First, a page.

Genetic analysis revealed another surprise: The parasite strain was a match with samples taken from two Canadian mountain lions nearly 30 years ago. That strain, dubbed COUG for its origin, was detected and identified after residents of Victoria, British Columbia, contracted toxoplasmosis from contaminated drinking water.

People can also be exposed through their cats, or from some foods, such as undercooked meat and raw shellfish. Symptoms, if there are any, include mild fever and muscle aches—but some people, especially those who are immunocompromised, can develop severe illnesses, with damage to the brain and other organs. (Read how toxoplasmosis can impact human brains.)

At least five additional suspected COUG cases in otters are currently in various stages of testing, Shapiro adds.

“The more cases we find and the more we learn, the more we need to figure out how to protect animals and people."

Trickster parasite

After Toxoplasma enters the ocean through stormwater runoff, the parasite is picked up and concentrated by shellfish and crabs, which are favorite foods of southern sea otters. Researchers recently linked another group of T. gondii variants known as type X with cats from nearby watersheds, cementing the land-sea connection.

T. gondii can survive in seawater for as long as two years. The parasite can also go dormant for years, hiding out in cells, then reactivating if a host’s immune system weakens.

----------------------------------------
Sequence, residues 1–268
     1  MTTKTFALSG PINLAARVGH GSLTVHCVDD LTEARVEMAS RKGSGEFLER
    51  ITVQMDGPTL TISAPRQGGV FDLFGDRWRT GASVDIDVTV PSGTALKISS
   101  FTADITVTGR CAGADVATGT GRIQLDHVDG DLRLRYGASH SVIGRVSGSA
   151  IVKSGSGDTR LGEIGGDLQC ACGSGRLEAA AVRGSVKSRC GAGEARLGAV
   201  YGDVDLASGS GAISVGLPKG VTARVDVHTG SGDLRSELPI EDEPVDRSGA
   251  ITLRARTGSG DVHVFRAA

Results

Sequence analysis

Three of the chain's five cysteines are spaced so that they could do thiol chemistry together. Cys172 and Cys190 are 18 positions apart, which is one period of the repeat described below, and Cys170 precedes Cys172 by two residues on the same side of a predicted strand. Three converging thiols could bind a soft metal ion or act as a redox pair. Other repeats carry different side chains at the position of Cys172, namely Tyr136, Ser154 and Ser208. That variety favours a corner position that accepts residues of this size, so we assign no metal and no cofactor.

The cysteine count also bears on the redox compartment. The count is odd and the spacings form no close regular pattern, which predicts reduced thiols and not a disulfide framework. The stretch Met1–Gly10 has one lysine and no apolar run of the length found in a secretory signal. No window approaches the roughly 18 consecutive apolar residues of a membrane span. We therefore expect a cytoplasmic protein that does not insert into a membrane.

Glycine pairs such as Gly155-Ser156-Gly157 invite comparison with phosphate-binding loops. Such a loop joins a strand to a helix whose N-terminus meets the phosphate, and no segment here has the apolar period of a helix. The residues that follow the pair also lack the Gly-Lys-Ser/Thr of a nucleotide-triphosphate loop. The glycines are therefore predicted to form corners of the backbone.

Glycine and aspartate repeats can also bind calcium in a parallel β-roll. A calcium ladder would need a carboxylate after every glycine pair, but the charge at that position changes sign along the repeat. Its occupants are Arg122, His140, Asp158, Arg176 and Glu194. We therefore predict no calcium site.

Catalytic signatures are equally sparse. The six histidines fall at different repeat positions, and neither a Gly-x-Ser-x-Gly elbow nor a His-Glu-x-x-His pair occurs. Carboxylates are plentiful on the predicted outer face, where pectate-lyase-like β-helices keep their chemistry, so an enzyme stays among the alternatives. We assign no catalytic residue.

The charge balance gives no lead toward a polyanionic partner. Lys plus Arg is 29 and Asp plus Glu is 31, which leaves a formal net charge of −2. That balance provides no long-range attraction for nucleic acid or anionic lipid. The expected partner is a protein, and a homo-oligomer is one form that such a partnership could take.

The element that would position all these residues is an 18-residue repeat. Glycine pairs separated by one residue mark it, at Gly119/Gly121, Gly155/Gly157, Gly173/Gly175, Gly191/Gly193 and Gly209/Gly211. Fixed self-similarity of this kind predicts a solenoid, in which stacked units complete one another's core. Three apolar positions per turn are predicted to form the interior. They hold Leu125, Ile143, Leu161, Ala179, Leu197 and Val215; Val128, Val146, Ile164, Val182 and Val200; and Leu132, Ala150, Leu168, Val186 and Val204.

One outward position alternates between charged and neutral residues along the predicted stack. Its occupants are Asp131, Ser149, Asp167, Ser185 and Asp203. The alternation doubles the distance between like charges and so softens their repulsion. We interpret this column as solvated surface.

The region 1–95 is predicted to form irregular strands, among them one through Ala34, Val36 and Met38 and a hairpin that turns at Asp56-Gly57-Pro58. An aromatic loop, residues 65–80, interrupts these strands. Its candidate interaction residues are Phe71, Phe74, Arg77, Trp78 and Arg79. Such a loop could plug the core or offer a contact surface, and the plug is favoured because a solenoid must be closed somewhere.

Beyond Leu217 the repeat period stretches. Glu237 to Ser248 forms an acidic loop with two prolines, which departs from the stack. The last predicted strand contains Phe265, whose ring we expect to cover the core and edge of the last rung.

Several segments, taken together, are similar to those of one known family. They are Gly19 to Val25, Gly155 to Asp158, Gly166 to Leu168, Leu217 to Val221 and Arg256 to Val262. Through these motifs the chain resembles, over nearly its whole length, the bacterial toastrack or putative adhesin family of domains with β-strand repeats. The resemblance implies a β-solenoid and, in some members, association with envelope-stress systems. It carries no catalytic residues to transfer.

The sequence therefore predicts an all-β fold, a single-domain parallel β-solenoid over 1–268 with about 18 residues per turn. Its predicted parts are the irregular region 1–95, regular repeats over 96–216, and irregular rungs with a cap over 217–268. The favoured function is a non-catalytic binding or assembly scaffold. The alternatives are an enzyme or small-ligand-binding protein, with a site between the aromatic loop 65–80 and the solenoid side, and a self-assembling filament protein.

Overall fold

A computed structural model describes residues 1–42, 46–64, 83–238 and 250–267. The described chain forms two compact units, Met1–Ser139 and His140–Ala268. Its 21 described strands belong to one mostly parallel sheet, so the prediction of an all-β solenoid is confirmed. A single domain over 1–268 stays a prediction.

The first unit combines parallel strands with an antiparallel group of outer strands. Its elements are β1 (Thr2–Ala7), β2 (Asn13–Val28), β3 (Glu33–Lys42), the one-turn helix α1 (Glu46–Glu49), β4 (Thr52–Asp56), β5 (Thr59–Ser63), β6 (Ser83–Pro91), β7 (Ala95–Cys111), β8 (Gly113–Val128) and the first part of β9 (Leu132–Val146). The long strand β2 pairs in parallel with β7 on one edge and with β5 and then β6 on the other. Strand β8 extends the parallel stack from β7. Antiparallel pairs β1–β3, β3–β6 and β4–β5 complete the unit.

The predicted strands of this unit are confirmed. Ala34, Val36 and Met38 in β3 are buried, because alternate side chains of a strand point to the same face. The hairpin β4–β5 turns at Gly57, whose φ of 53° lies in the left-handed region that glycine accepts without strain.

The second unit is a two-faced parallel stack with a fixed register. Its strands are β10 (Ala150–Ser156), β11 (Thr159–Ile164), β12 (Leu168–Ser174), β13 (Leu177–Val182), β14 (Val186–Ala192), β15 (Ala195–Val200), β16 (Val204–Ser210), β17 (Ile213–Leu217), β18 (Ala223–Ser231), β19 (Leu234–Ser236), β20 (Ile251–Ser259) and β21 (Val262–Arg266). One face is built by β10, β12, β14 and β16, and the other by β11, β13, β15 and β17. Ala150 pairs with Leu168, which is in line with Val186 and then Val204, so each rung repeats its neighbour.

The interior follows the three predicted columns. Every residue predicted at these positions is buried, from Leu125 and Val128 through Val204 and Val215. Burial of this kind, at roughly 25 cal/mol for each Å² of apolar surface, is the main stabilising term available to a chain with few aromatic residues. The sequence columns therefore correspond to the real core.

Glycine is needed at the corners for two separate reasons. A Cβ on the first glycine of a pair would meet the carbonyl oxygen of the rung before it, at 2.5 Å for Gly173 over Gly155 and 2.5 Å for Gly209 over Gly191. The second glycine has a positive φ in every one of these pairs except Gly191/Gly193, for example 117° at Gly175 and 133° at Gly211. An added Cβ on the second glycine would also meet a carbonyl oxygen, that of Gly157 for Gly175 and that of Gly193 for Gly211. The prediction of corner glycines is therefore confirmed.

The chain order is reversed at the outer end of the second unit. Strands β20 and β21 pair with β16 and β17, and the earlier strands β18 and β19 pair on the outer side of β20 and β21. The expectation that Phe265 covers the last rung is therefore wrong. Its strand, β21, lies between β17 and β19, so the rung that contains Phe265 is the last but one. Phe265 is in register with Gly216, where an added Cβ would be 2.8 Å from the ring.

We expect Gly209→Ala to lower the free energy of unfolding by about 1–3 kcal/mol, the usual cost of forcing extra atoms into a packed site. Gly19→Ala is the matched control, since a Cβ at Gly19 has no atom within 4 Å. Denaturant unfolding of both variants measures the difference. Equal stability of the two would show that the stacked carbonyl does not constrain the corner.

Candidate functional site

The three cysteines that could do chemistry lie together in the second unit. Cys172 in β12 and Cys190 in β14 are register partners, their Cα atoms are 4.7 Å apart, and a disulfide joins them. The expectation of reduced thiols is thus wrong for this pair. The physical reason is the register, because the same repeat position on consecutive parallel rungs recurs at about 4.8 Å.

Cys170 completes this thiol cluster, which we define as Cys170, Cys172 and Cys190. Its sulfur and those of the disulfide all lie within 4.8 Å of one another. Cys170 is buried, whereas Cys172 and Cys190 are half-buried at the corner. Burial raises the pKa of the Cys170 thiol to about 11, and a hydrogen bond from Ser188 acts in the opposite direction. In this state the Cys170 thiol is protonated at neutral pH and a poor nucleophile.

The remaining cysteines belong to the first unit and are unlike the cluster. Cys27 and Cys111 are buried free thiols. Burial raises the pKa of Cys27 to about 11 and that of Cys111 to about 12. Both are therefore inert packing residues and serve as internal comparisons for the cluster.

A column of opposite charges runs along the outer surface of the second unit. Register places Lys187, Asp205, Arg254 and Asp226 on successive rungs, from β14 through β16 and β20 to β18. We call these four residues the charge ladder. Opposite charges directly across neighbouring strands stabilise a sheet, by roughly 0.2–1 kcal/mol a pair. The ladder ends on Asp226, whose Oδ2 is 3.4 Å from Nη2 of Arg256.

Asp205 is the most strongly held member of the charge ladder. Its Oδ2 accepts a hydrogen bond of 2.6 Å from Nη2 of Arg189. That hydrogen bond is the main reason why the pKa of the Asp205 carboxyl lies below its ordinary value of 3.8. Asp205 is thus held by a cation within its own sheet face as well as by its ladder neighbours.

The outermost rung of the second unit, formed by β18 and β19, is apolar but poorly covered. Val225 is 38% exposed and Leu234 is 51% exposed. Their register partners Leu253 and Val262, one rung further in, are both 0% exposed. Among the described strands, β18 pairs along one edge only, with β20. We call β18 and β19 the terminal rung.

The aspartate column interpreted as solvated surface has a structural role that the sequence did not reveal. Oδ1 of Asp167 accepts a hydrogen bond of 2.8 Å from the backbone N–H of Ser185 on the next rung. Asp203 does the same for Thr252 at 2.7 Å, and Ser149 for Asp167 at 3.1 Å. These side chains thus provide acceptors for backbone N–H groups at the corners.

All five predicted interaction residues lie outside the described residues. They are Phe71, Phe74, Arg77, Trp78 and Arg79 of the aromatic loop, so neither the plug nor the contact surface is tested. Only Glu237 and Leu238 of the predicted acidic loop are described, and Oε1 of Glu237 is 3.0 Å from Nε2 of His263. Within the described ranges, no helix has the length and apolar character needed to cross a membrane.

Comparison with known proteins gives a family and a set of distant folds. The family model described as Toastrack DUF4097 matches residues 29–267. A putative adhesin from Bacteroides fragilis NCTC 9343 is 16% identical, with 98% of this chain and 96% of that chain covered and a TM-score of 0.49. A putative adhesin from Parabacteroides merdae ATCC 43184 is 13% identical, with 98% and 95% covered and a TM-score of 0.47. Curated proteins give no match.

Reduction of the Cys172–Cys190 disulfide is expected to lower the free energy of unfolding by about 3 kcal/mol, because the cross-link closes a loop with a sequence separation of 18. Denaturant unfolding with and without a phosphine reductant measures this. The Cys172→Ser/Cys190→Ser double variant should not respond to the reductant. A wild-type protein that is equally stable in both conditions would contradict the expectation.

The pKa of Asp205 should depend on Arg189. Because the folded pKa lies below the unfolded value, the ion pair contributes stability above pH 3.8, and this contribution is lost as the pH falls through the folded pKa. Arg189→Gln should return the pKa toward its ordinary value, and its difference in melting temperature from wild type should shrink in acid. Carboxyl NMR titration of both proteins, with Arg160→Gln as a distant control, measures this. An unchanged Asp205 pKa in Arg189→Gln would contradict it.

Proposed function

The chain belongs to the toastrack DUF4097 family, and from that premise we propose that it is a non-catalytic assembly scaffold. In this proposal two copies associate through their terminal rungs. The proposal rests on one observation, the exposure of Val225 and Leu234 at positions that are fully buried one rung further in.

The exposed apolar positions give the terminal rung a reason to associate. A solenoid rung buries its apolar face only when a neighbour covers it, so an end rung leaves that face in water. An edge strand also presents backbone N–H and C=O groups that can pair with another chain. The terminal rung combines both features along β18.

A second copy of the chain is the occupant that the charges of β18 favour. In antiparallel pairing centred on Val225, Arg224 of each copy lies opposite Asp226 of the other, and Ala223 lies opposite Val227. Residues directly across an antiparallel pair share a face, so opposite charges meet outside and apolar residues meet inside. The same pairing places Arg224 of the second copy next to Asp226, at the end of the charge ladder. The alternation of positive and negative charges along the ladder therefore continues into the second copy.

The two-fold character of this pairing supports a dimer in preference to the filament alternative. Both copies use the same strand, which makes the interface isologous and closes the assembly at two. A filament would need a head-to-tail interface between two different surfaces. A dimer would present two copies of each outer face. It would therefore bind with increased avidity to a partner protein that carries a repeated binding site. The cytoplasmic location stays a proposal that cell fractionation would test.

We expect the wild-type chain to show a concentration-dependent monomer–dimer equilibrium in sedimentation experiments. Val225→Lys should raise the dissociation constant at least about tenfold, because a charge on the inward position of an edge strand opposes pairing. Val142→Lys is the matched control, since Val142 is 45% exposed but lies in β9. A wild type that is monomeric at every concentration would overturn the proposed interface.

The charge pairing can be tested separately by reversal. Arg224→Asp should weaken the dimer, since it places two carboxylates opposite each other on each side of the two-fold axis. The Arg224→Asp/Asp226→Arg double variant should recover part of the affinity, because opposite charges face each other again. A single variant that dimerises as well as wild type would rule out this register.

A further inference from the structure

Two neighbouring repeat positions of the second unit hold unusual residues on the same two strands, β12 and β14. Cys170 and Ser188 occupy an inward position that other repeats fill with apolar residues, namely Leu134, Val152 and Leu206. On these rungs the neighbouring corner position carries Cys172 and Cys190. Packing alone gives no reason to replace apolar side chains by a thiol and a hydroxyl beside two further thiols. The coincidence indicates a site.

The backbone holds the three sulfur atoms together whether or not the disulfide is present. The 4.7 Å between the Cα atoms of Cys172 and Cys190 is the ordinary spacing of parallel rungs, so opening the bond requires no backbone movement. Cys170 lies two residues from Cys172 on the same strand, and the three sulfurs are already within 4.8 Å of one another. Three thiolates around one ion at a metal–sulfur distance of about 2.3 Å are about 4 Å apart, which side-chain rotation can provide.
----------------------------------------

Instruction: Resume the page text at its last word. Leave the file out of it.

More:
“Theyʻre considered one of the most widely successful parasites globally because they have so many tricks up their sleeves to move themselves around and hide in hosts,” Miller says.

And they may be getting a boost from increased precipitation in the West

California's recent intense rains, flooding, and high tides, expected to intensify due to climate change, could increase the amount of Toxoplasma-infected cat fecal matter flowing into the ocean. However, Shapiro cautions more long-term studies are needed to draw solid conclusions. (Read how heavier rainfall will increase water pollution.)

To connect the dots, scientists are studying a host of different parasites and pathways by which they’re making their way through the environment. Shapiro’s research has found more Toxoplasma in mussels collected during the wet season than during the dry season, while another study linked increased levels of the parasite in the ocean with increased precipitation.